In assessing and comparing the role of farm production diversity on household dietary diversity in Kenya and Tanzania, we conceptualize key relationships as follows (Figure 3). Smallholder choices of livelihood strategies (such as diversity in farm production) and the resultant livelihood outcomes (such as household dietary diversity) are likely to depend largely on livelihood assets (Scoones, 1998; Barrett et al., 2001). These are in terms of natural (e.g., land), physical (e.g., farm equipment or assets), social (e.g., information networks), human (e.g., education and labor) and financial (e.g., access to credit) capitals owned. From the Sustainable Livelihoods Approach (SLA), farm production diversity can be viewed as a livelihood strategy which is influenced by household capitals. For households' livelihood outcomes, we assume that dietary diversity is influenced by farm production diversity as well as the existing household capitals in terms of socio-economic characteristics and market and agro-ecological characteristics. Worth noting, as pointed out in the livelihoods approach, livelihood outcomes also, in return, influence livelihood assets (dash line in Figure 3).
Figure 3. Conceptual framework (Authors' construction based on Scoones, 1998).
Measurement of Farm Production Diversity and Dietary Diversity
Several studies have proposed and used various measures of farm production diversity and dietary diversity. Starting with farm production diversity, different measures have evolved from previous studies that focused on assessing genetic diversity at the farm and on biodiversity (Hawksworth, 1995; Meng et al., 2010). In general, these measures capture species diversity and different nutritional functions of crops and livestock species produced (Last et al., 2014; Berti, 2015). Among the widely used are count indicators which are constructed as simple count variables capturing both crop produced and livestock species kept at the farm. However, these do not capture the different nutritional functions of the crops and livestock under consideration (Berti, 2015). This study therefore uses the number of food groups produced on the farm to ascertain the level of production diversity1. Based on our data, and to aid comparison between Kenya and Tanzania, we construct a diversity score based on 9 food groups. These are cereals; roots, tubers and plantains; pulses, seeds and nuts; fruits; vegetables; fish; meat; eggs; and milk and dairy products. From this production diversity score we are then able to capture the different nutritional functions of crop and livestock produced by smallholder as proposed by Berti (2015). Therefore, a household cultivating rice, groundnuts and in addition keeping chicken will have a production diversity score of 4 as they come from 4 different food groups i.e., cereals; pulses, seeds and nuts; meat; and eggs. Conversely, for a household cultivating rice, millet and maize and also keeping cattle the production diversity score will be 3 i.e., cereals; meat; and milk and dairy products.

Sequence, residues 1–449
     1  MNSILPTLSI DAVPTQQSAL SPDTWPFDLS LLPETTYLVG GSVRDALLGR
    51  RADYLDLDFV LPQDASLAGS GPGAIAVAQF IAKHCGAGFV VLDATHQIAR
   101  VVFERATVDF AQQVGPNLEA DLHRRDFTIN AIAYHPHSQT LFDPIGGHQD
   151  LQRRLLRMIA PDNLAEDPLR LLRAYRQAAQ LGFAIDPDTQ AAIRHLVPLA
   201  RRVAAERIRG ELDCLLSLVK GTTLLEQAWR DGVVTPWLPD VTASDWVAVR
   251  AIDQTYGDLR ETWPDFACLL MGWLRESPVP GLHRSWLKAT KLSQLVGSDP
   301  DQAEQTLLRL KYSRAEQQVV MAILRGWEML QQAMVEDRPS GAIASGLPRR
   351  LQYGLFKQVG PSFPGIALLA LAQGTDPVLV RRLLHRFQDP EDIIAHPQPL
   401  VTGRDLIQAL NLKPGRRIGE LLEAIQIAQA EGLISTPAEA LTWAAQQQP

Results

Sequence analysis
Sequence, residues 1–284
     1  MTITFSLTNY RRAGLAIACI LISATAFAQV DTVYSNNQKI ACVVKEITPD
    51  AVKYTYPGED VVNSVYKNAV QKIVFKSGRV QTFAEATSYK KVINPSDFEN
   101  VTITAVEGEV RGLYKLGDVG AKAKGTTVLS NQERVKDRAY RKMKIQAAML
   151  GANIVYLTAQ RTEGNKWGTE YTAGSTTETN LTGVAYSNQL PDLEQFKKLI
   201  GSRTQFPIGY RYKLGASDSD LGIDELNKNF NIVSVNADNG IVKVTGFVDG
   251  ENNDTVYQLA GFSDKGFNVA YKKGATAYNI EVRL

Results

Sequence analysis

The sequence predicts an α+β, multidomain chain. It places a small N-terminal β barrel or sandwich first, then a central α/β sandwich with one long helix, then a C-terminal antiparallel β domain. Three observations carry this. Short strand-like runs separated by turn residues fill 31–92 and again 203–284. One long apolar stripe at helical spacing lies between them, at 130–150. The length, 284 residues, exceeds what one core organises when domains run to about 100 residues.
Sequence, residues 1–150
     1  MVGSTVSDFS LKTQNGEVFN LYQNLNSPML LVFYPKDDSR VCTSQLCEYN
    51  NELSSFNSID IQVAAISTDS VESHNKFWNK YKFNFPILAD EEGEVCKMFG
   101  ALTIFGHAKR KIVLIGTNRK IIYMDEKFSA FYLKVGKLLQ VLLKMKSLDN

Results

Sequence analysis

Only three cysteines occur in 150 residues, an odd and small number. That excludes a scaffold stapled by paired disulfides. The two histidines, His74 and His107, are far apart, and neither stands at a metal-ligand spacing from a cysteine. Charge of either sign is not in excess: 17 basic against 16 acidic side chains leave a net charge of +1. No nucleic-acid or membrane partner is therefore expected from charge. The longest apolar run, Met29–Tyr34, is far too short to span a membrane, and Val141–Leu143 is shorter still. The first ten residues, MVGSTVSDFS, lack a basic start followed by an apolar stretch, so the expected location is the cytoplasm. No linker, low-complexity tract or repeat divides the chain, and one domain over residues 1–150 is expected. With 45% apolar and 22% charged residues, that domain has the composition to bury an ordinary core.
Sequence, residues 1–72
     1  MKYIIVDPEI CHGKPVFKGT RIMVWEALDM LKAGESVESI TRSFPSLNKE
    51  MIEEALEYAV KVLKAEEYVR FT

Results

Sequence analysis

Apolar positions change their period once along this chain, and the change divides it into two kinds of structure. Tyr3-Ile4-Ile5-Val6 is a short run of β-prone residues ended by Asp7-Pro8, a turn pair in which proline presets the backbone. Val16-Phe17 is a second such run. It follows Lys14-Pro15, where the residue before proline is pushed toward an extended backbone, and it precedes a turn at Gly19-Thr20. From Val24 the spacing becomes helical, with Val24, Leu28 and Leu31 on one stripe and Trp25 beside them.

Regarding dietary diversity, we use two indicators. The first is the Household Dietary Diversity Score (HDDS). HDDS is a good proxy indicator for diet quality and is documented to correlate well with important nutrition outcomes such as anthropometric status (Swindale and Bilinsky, 2006; Moursi et al., 2008). Following Swindale and Bilinsky (2006), we construct the HDDS from 9 different food groups consumed by a household in the previous normal week. The 9 food groups correspond to the classification used in the farm production diversity indicator above. The HDDS is also calculated for different agricultural seasons in the year based on how many days in a normal week households ate a particular food group in each season i.e., planting, pre-harvest and post-harvest seasons. Despite involving long recall periods, this indicator gives essential insights into the levels of dietary diversity for various agricultural seasons. The second dietary indicator is the Food Variety Score (FVS) which captures the number of different food items consumed by a household in a given reference period (Hatley et al., 1998). We also use the previous normal week as a recall period. Unlike HDDS which captures different food groups, FVS counts all single foods consumed.
Assessing Determinants of Farm Production Diversity
Deriving from the conceptual framework, farm production diversity is influenced by various livelihood assets such as human, natural, social, physical and financial capital. We therefore assess the determinants of farm production diversity using relevant count data models: Poisson and Negative Binomial regression models a regression model specified as:
where PDi represents the farm production diversity for household i. This is a score capturing the number of food groups produced by the household. Xi represents a vector of explanatory variables while δ is a vector of parameters to be estimated and ui is the error term (see the list and description of variables used in the Appendix). As presented in the conceptual framework, variables predicting household farm production diversity constitute human capital (e.g., age, gender, education, and labor), natural capital (e.g., land and rainfall), physical capital (e.g., distance and assets), social capital (e.g., market information), financial capital (e.g., credit access, off-farm and non-farm employment) and other factors such as risk attitude and shocks.